On the other hand, the explicit wait is another type of dynamic Selenium wait that is used to stop the script execution on а particular condition for а specified duration. WebDriverWait and ExpectedConditions can be used to achieve condition-based waits. In the code snippet shown below, we wait for the web element (with linktext as SITEMAP) to appear on the page. If the web element is not present, an exception is thrown. This is а potential alternative to blocking sleep calls in Selenium.

  • Name the Test Cases & Test Suites Appropriately

When working in а team, there are cases where your team members may be required to enhance the tests that you have written. If you revisit the same test after а couple of months, you might not be able to figure out the purpose of а test until you go through the complete implementation.

These problems can be easily fixed by naming test cases in а manner that they are self-explanatory so that neither you nor your teammates spend time unnecessarily scrolling through the implementation. If some tests have failed during the execution stage, it should be easy to figure out which functionalities are broken by just taking а quick look at the test name.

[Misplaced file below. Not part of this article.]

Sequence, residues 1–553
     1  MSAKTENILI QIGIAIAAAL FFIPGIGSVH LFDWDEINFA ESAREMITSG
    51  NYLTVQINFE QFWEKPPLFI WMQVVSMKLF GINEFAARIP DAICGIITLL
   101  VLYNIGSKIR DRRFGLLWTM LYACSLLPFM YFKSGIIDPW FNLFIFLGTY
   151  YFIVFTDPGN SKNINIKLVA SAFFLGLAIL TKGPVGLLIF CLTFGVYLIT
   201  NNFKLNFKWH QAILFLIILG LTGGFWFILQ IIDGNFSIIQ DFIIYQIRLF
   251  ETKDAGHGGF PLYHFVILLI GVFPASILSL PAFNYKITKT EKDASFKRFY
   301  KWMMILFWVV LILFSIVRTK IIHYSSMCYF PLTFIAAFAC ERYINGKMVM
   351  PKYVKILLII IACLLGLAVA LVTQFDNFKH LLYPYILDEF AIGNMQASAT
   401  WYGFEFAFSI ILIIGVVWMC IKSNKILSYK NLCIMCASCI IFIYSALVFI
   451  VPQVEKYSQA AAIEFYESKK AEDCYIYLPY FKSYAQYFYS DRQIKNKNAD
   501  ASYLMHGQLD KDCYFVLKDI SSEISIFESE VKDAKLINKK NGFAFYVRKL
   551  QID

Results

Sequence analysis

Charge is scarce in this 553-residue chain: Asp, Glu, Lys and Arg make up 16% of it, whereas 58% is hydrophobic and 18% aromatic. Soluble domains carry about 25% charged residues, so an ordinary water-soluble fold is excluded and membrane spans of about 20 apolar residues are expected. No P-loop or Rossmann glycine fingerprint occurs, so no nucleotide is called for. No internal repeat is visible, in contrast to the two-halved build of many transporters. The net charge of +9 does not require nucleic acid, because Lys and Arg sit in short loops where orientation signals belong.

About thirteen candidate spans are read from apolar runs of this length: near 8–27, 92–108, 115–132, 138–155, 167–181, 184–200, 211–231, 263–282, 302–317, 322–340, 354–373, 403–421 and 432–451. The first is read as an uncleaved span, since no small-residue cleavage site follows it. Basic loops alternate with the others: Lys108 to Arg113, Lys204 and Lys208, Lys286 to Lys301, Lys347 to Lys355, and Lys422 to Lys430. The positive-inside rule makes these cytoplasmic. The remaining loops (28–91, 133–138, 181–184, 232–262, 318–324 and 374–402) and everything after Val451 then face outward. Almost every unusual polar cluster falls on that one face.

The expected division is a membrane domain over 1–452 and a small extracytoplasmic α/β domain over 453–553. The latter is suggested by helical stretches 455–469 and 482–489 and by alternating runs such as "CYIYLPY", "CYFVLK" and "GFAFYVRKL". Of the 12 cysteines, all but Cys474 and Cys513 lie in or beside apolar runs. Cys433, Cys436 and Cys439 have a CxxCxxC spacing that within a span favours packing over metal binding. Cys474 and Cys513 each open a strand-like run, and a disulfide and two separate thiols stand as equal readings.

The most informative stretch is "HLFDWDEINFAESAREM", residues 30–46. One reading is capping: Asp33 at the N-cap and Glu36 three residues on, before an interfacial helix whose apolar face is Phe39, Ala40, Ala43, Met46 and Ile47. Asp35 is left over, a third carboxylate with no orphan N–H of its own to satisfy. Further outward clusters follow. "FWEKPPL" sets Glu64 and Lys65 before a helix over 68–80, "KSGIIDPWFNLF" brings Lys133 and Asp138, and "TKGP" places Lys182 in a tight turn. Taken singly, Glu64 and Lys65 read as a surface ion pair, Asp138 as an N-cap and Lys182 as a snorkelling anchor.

• Set the Browser Zoom Level to 100 percent.

Irrespective of the web browser on which automation testing with Selenium is performed, setting the browser zoom level to 100 percent is one of the Selenium best practices that should be followed. This setting gives а native mouse feel and ensures that the native mouse events are set to the correct coordinates.

Along with this setting, Protected Mode Settings (in Internet Explorer) for each zone must be the same; otherwise, you may end up getting а NoSuchWindowException exception.

  • Maximize the Browser Window

One of the first actions performed by а tester for Selenium test automation is taking the web page’s screenshot. Screenshots are taken during the testing process to help developers debug issues and help key stakeholders track product development progress. Screenshots also help detect whether test failure is due to application failure or а problem in the test script being used for automation testing with Selenium.

By default, Selenium does not open the browser window in the maximized mode. This can affect the screenshot (or snapshot) of the web page that is typically attached to test reports. Maximizing the browser window immediately after the test URL is loaded ensures that а screenshot of the entire web page is captured.

  • Choose the Best-Suited Web Locator

One of the challenges with Selenium test automation is that automation tests have to be modified if there are changes in the implementation related to locators used in the test code. ID, Name, Link text, XPath, CSS Selector, DOM Locator, etc., are some of the frequently used web locators in Selenium WebDriver.

A better solution is to use а locator that is least likely to break, such as ID locators or class name locators.